A college’s attempt to crack down on the wearing of saggy pants is being attacked as racist against black people.
Henderson State University, a public college in Arkadelphia, Ark., hasn’t officially banned such pants in its dress code, but recently signs appeared in its students center warning that saggy pants, along with profanity or rude behavior, would not be tolerated.
Tonya Smith, a university spokeswoman, told Inside Higher Ed that the signs were intended to discourage disruptive behavior on campus.
“Our faculty in particular had experienced an increase in inappropriate classroom behaviors that were disturbing the learning environment,” Smith said.
“We do a disservice to students if we do not teach those values while they’re here,” he said.
But others see an attempt to suppress black culture.
“Its politically insensitive to certain groups. They felt like they were being targeted,” student Kristin Bell told local KATV News. Another student, Daisha Haggans, said that the school wasn’t using “the right communication” to impress on students the importance of professionalism.
In response to backlash, the school has taken the signs down, but they say they still expect students to follow the rules they laid out.
Both Haggans and Bell said the incident showed the need for Henderson to hire an official diversity officer, so that the school can avoid racially insensitive actions in the future.
Racist or not, some argue the school’s action is illegal.
“Absent some kind of showing that sagging pants could somehow disrupt the educational environment in a clearly, truly unreasonable way, which is hard to fathom, this is a blatant overreach by the administration,” Will Creeley of the Foundation for Individual Rights in Education told Inside Higher Ed. “It’s dismaying that a public institution of higher education wants to treat their students as if they are in grade school.”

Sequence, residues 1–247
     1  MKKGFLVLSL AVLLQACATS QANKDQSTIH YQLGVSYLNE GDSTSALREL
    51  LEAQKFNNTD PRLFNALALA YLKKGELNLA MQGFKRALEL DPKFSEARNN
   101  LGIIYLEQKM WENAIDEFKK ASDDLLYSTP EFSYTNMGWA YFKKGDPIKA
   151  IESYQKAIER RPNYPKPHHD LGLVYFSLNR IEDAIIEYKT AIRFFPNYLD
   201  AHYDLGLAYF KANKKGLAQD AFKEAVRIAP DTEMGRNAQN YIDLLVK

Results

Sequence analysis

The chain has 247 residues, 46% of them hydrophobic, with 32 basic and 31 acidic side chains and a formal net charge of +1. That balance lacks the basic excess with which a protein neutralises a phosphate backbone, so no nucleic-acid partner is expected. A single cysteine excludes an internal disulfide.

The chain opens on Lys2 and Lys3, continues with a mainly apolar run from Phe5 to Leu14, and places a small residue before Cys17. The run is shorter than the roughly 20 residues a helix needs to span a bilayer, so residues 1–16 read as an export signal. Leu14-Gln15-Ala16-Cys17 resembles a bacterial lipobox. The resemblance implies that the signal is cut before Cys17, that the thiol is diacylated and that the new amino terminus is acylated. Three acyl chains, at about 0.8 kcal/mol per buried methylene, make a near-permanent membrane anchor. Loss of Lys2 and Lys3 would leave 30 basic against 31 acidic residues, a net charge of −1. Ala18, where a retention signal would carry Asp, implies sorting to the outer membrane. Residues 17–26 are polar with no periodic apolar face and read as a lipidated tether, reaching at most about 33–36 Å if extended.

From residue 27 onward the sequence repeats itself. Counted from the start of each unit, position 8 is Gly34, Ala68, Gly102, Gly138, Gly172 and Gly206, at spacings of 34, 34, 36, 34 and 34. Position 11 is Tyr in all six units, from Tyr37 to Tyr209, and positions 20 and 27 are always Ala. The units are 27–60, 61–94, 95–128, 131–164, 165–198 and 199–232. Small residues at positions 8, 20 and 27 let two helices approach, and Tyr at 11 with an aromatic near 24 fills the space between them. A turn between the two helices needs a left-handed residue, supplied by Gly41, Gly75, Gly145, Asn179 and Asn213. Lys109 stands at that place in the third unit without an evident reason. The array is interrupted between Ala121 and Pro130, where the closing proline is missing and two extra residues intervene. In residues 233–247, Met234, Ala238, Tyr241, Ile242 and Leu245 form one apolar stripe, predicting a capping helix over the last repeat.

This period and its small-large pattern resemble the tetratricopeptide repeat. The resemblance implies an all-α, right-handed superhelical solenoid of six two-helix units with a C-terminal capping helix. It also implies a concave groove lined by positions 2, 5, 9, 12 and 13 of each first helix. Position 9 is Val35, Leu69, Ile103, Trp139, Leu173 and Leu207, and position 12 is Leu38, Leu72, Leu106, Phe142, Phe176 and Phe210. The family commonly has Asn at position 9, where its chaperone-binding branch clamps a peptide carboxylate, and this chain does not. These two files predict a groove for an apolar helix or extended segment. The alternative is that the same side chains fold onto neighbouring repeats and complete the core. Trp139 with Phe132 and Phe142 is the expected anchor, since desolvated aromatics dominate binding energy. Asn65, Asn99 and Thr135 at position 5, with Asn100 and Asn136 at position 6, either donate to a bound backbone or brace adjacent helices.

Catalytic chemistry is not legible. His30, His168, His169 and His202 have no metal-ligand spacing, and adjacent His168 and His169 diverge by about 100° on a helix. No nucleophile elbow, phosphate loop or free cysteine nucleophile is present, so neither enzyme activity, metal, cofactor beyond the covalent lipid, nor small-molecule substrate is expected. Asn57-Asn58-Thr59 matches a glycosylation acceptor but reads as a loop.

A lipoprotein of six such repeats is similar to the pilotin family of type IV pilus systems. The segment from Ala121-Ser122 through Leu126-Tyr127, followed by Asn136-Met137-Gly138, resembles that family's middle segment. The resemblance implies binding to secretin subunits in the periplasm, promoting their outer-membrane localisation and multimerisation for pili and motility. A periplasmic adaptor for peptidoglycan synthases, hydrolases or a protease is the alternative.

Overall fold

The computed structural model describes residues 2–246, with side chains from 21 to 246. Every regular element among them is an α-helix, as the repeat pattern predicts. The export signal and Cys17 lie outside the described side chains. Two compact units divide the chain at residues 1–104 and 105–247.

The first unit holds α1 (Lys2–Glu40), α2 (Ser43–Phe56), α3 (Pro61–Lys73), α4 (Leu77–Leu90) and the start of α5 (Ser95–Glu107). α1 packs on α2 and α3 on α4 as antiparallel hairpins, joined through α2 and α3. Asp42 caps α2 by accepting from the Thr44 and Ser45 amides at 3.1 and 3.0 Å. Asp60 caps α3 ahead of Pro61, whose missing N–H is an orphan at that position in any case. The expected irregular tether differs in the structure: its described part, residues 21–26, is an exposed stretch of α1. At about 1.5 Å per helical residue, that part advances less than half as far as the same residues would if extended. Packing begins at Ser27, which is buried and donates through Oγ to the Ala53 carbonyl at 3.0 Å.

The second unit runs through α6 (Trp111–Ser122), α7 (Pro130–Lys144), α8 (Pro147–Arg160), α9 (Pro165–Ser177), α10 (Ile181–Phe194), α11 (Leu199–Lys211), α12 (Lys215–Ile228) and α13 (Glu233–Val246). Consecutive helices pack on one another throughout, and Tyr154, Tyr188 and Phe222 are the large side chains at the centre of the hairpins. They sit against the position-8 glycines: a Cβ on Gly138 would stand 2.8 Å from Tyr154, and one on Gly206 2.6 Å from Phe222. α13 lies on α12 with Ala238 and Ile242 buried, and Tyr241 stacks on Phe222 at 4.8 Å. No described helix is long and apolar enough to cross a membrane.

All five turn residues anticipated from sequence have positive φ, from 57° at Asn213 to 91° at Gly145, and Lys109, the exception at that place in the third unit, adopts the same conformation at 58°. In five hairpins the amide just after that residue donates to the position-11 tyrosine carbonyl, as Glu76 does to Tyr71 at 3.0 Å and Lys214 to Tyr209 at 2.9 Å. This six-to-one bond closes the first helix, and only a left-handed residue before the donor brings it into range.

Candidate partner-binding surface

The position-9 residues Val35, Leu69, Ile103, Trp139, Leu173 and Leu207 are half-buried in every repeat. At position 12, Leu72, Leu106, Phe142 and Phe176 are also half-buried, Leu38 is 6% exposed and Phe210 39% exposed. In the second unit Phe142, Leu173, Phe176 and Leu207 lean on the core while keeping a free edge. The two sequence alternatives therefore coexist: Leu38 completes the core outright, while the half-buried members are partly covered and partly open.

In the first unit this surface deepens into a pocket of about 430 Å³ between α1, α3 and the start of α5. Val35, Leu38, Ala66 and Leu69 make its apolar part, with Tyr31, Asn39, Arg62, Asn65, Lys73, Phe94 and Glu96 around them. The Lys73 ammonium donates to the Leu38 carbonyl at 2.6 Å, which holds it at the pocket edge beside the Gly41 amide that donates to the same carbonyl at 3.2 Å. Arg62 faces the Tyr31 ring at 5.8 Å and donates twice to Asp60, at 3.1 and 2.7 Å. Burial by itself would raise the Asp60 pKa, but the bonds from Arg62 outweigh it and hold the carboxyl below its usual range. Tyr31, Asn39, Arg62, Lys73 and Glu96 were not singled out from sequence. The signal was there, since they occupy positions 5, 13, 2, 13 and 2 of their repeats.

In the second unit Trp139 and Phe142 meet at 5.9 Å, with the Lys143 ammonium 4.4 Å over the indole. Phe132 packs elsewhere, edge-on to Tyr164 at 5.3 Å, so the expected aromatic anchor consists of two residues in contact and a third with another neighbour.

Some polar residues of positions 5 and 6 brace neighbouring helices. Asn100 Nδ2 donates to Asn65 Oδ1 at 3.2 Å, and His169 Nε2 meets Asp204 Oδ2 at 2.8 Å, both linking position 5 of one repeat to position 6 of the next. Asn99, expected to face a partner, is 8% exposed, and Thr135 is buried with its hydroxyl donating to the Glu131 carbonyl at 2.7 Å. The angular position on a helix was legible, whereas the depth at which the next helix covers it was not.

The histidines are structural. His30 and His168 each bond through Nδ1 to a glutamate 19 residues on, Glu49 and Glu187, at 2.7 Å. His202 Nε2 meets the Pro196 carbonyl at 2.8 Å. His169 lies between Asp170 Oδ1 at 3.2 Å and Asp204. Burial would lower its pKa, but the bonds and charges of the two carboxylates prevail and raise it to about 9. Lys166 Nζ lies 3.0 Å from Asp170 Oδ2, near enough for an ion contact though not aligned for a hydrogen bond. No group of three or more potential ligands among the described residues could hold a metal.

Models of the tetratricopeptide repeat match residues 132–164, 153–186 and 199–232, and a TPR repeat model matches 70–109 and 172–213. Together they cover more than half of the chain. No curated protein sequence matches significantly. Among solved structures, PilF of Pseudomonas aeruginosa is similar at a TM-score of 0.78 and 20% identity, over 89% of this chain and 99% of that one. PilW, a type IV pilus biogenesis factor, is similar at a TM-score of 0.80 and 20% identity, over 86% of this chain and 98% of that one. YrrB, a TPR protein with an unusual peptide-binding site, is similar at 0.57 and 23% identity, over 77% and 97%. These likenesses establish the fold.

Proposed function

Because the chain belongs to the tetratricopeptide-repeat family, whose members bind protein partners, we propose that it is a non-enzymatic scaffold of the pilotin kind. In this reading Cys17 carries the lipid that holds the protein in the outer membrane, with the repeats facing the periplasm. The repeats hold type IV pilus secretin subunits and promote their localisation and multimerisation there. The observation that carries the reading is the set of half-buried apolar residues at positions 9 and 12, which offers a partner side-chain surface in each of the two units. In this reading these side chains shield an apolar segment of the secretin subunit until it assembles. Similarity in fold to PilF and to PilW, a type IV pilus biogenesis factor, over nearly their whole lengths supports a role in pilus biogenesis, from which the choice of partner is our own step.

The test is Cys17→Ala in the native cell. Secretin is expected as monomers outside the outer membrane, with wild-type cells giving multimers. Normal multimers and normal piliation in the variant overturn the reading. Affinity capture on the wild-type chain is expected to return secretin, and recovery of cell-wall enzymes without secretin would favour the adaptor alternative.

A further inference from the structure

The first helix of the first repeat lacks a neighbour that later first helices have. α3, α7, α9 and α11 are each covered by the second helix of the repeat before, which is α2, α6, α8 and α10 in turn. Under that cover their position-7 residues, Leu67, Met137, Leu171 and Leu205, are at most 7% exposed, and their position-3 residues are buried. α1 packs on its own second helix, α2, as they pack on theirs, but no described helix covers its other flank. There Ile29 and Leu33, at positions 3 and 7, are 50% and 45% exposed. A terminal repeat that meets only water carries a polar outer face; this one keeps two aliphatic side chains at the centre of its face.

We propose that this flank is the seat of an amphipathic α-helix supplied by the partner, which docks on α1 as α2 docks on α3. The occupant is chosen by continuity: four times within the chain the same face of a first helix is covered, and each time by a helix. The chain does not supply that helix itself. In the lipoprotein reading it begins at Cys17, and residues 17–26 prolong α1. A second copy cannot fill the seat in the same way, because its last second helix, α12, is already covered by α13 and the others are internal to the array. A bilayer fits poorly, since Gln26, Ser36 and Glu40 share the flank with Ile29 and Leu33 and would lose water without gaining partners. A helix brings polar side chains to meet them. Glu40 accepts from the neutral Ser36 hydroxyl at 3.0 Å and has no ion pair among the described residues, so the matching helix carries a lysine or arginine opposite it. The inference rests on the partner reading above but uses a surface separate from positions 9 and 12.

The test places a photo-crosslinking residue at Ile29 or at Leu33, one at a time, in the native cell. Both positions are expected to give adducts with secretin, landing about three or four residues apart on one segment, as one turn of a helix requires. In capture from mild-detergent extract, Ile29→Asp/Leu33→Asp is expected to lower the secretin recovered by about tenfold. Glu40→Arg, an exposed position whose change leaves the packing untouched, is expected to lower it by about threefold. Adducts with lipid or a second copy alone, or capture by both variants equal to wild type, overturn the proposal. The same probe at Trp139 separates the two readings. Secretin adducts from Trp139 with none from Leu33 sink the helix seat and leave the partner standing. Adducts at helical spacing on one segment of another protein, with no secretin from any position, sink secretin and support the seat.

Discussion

Creeley said the ban, along with the school’s effort to suppress profanity and rude language, would likely prove unconstitutional if challenged.
Henderson is hardly the first city where saggy pants have become a politically-charged issue. Last year, a Florida town had to abandon a planned ban on publicly wearing saggy pants after the NAACP threatened legal action, saying the law was an attack on young black men. Numerous other towns and counties, mostly in the South, have adopted similar bans, sometimes collecting thousands of dollars in fines enforcing them. Arkansas also banned saggy pants in all elementary and secondary schools in the state in 2011.
In 2008, Barack Obama told MTV that banning saggy pants was a “waste of time,” though he also was critical of the fashion trend.
“Brothers should pull up their pants. You’re walking by your mother, your grandmother, and your underwear is showing,” Obama said. “What’s wrong with that? Come on.”